Consumer Confidence Edges Up in May (Includes Take from Dr. Joe Webb)
Press release from the issuing company
May 27, 2003 -- The Conference Board's Consumer Confidence Index, which increased sharply in April, posted a moderate increase in May. The Index now stands at 83.8 (1985=100), up from 81.0 in April. The Expectations Index rose to 94.4 from 84.8. The Present Situation Index, however, fell to 67.9 from 75.2.
The Consumer Confidence Survey is based on a representative sample of 5,000 U.S. households. The monthly survey is conducted for The Conference Board by NFO WorldGroup, a member of The Interpublic Group of Companies. The cutoff date for May’s preliminary results was May 20th.
“The post-war euphoria experienced last month has quickly given way and consumers’ focus has returned to matters on the home front,” says Lynn Franco, Director of The Conference Board’s Consumer Research Center. “Labor market conditions continue to be of concern, but consumers anticipate a turnaround in the coming months. While the overall Index improved moderately, the decline in the Present Situation Index suggests consumers will continue spending at current levels.”
Consumers' assessment of current conditions was less favorable than last month. Those rating present business conditions as “bad” rose to 28.4 percent from 23.9 percent. Those rating conditions as “good” remained virtually unchanged at 16.1 percent. Labor market conditions also deteriorated. Consumers reporting jobs are hard to get jumped to 32.6 percent from 29.4 percent. Those claiming jobs are plentiful slipped to 12.6 percent from 13.0 percent.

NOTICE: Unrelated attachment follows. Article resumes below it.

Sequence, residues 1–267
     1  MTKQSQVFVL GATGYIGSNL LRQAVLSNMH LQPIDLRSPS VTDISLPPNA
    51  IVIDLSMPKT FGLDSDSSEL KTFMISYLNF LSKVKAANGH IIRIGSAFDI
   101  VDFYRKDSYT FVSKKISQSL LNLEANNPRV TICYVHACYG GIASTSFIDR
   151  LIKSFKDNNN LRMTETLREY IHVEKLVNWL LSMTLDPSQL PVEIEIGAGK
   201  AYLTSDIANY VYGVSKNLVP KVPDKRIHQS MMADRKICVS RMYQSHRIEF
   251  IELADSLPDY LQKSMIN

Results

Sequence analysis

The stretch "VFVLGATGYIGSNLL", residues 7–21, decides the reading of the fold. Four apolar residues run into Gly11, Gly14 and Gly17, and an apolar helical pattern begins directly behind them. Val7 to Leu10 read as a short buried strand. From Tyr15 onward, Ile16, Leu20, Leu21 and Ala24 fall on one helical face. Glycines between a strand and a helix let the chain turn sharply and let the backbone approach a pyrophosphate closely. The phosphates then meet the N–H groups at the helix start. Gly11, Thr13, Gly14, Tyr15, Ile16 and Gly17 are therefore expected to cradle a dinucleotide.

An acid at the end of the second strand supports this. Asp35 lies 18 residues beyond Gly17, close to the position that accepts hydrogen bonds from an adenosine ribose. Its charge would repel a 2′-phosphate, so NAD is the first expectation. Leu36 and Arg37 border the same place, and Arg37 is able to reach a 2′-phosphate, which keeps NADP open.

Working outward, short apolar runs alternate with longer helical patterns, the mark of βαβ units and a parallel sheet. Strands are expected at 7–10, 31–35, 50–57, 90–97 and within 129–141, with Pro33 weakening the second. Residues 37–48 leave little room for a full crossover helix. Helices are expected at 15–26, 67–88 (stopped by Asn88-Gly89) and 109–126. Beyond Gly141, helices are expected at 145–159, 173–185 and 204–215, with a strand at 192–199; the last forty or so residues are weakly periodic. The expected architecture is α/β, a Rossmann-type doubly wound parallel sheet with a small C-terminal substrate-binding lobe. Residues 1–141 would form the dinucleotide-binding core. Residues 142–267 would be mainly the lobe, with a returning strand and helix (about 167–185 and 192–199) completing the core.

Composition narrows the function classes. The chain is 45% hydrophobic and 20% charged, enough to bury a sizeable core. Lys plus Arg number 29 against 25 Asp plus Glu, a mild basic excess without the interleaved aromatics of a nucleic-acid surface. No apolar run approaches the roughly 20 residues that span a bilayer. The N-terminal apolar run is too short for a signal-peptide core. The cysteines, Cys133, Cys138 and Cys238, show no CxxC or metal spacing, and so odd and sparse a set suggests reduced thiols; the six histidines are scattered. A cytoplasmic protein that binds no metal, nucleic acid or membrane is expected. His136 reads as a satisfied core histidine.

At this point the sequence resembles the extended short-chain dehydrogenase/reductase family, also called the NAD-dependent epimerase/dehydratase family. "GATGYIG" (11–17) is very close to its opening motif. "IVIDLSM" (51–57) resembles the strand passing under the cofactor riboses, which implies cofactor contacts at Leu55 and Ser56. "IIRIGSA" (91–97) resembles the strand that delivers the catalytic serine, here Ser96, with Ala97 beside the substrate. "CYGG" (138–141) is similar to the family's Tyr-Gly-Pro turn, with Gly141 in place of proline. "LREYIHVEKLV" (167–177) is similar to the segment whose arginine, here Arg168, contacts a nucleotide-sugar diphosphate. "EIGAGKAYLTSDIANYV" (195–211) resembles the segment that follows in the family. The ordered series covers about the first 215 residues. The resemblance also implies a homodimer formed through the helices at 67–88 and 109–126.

Consumers’ short-term expectations posted another significant improvement. Those anticipating an improvement in business conditions over the next six months rose to 22.8 percent from 18.9 percent. Consumers anticipating conditions to worsen fell to 9.7 percent from 12.3 percent.
The employment outlook was also more favorable. Consumers anticipating more jobs to become available increased to 17.8 percent from 16.4 percent, while those expecting fewer jobs fell to 17.6 percent from 20.9 percent. The proportion of consumers anticipating an increase in their incomes slipped to 17.0 percent from 17.2 percent.
Free WTT Analysis: Below is a quick take on this news from Dr. Joe Webb. Premium Access Members can view more analysis in his weekly column on Friday, appropriately called “Fridays with Dr. Joe”.
“Consumer expectations rose again overall, but there was still concern about current conditions, according to the Conference Board. There is growing optimism among consumers, and we hope that it starts infecting business investment intentions.
“Good new home sales figures were released as well (+1.7%), better than economists expected, which may be a better indicator of consumer confidence at this point than the Conference Board's index. No one buys a house unless they're confident in their ability to pay for it, or at least that's what they tell the banks.
“I continue to expect sluggish unemployment, with the overall economic environment starting to improve more measurably later this year. I'll be writing about the recovery and what it means to print over the next few weeks.”
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